When the Well Fills

When I was growing up in Edinburgh, there were around 50 cinemas; the amazing 20th century output of the Hollywood Dream Factory, established USA storytelling and influence as a kind of global default culture; “no empire ever had an asset quite like it”. It’s interesting that I don’t remember feeling resistance to alien values – but why would I: the likes of Humphrey Bogart (Casablanca); Gary Cooper (High Noon); James Stewart (It’s a Wonderful Life) were all my heroes. I downloaded their countless adventures, deep into the hard drive of my psyche; many still feature in my personal daydreams.

            The benign hold of cinema on my attention, is now replaced by the internet – and a powerful browser is my new window on the world. This has brought a constant and growing anger at the encroachment of US capitalist greed on to my screen. We all know that our personal data is being collected and exploited – both commercially and politically; that the billionaire perpetrators have bribed themselves beyond accountability – very dangerous for democracy. If I was starting my working life, I’d join those who research and pilot post-capitalist economic structures – specifically to eliminate the menace of the super-rich.

            I take heart from Doris Lessing’s understanding of human progress, “that, perhaps, once a century, in a particular country, a well of faith fills up, and there is an enormous heave forward on behalf of the whole world”. That’s how I’ve come to regard the build up to an independent Scotland; the conviction that with our freedom, we Scots will make a fairer society.


Although I’m not a nationalist, I’ve started buying the Sunday National – in solidarity with YES activists. Mike Small’s weekly scan of linked media coverage referenced a gem – Bye, Bye Britain, by the legendary Neal Ascherson. Once again, I’m struck by the fine writing and how ‘time-served’ Ascherson’s journalism is (he was on the 1997 referendum campaign trail); his unique blend of history, politics and philosophy offers new insights and nuances. I also like the tone of his ending: “It’s the union with Scotland that holds the decayed UK fabric together. End it, and the unique intimacy between England and Scotland can flourish in a confederation of independent states”.


The recent death of Ruth Bader Ginsburg reminded me of the US Supreme Court’s critical role in their constitution – shaping controversial legislation around abortion, gun ownership, civil rights etc. This Conversation piece by a lecturer in American Studies sketches the context and anticipates a bruising battle over who replaces Ginsburg.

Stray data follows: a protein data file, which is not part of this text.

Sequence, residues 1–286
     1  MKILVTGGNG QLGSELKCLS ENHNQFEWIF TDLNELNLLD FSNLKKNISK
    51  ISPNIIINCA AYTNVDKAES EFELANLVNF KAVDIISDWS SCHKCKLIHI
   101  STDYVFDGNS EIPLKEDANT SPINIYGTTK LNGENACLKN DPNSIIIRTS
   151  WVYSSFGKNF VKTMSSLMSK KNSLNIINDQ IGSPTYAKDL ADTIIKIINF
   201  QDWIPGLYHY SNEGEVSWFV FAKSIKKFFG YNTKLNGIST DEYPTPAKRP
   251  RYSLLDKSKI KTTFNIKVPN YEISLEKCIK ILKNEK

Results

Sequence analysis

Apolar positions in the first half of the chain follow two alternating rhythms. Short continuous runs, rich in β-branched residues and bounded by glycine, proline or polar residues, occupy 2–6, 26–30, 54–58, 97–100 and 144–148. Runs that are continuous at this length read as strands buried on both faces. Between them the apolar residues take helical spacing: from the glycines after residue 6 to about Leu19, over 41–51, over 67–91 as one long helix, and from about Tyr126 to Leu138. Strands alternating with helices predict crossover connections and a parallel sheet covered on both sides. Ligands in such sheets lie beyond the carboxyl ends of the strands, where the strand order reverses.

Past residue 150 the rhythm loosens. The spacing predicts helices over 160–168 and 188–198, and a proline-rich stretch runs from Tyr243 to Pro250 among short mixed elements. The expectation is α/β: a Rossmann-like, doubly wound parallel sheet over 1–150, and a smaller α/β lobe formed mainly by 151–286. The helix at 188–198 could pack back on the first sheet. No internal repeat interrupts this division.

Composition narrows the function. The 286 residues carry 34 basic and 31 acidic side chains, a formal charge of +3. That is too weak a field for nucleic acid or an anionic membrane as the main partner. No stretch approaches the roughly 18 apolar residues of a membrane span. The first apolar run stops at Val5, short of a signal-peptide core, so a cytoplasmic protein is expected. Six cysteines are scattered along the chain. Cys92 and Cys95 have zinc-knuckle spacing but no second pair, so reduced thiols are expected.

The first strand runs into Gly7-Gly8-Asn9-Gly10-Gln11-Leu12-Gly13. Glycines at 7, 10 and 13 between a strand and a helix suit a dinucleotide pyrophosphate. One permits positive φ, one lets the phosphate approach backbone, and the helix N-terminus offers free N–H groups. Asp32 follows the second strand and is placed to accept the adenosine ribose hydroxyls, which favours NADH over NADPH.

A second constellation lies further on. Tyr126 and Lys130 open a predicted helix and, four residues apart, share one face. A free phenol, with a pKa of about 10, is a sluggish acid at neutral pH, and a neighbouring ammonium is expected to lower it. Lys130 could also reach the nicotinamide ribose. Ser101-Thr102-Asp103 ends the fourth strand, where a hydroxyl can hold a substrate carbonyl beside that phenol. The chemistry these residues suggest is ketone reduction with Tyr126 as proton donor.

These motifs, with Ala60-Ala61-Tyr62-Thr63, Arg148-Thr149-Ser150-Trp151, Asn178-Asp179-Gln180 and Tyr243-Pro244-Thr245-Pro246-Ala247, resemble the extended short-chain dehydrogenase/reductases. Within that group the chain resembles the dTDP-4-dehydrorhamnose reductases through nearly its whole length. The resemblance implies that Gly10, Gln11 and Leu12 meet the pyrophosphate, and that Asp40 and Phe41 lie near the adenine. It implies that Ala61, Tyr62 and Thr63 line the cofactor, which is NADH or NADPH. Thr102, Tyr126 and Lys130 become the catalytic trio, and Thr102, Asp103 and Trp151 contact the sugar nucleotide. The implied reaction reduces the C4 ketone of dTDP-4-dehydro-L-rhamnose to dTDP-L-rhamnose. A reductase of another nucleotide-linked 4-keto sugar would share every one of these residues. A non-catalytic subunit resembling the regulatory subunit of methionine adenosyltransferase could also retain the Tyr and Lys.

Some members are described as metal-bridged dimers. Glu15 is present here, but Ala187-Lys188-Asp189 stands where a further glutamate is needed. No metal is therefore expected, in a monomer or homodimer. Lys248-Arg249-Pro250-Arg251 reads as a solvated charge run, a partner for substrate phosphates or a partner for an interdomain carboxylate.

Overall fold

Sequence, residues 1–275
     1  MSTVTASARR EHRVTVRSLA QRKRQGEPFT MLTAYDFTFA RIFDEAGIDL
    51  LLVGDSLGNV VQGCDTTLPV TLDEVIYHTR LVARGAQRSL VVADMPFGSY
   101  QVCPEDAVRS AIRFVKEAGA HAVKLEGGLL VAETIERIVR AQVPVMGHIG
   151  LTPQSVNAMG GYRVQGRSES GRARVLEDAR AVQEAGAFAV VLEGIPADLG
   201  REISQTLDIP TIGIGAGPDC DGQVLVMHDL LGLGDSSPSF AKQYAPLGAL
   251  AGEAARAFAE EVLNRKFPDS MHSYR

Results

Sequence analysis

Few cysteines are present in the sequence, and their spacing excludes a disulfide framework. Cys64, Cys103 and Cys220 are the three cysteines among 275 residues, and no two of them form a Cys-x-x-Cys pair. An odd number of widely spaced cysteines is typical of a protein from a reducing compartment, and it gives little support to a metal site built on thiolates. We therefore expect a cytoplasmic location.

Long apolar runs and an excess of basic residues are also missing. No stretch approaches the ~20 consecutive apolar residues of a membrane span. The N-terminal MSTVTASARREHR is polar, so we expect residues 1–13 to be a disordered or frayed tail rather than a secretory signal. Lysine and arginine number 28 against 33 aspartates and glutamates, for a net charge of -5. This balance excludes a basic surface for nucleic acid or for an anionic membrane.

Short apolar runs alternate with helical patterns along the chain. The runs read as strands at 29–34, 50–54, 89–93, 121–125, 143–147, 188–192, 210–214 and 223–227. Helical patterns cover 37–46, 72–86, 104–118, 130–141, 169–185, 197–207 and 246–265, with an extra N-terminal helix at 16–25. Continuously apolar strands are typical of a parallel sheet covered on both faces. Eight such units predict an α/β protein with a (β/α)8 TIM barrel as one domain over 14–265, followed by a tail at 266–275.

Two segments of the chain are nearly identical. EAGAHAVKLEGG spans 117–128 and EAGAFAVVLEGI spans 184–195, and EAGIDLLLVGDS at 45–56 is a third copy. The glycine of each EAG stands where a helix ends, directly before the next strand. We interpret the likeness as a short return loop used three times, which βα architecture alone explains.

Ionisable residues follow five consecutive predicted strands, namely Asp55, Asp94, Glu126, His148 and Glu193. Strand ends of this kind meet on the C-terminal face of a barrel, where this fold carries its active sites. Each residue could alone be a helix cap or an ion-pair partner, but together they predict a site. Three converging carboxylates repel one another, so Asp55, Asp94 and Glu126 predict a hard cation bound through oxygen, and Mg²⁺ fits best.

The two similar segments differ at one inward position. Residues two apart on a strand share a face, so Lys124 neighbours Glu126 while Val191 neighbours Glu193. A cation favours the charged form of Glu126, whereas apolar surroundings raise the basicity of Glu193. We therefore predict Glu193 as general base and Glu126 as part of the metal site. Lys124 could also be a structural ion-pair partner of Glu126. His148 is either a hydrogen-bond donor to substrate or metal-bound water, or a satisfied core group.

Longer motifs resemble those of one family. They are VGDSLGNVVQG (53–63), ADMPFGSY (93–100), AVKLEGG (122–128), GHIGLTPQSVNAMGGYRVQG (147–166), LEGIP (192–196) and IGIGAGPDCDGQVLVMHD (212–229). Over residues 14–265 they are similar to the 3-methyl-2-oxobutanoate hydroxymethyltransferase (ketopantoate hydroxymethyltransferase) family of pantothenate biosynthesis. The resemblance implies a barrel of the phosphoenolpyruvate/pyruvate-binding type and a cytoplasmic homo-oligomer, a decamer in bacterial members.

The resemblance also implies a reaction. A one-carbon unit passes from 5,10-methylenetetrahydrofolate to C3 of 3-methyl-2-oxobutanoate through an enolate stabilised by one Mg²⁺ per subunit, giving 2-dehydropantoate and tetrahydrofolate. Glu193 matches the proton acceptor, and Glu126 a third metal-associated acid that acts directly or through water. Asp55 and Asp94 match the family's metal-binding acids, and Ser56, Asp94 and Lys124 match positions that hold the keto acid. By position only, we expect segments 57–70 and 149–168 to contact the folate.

I’m not going to quote the stats ‘cos most of them are untrue, but there is a general acceptance that the Govt’s handling of test and trace is shambolic. This Huffington Post article says that 74% of UK citizens want local public health teams to run the testing – rather than multi-million-pound contracts to centralised private corporates.


The Corbyn/McDonnell socialist vision for Labour – and the Blairite remnants on the right – are too different to be in the same political party. Keir Starmer’s evasiveness in Sunday’s interview with Andrew Marr suggested he’s trying to appease both factions. But the Guardian’s Heather Stewart thinks his big speech on Tuesday was explicit, that he’s more interested in winning the next election than socialist orthodoxy; so how will he handle ‘the left’?


The freedom to sit in a restaurant and order my fish and chips is a pivotal aspect of whether I feel ‘locked down’ or not – events this week don’t bode well – getting through the winter months is going to be a challenge. I find Stephen Fry’s advice about mental health helpful – his practical tips actually work for me…It’s about slowing everything down.


This is a famous quote on responding to depression, from Stephen Fry, President of the charity, Mind.

“If you know someone who’s depressed, please resolve never to ask them why. Depression isn’t a straightforward response to a bad situation; depression just is, like the weather. Try to understand the blackness, lethargy, hopelessness, and loneliness they’re going through. Be there for them when they come through the other side. It’s hard to be a friend to someone who’s depressed, but it is one of the kindest, noblest, and best things you will ever do.”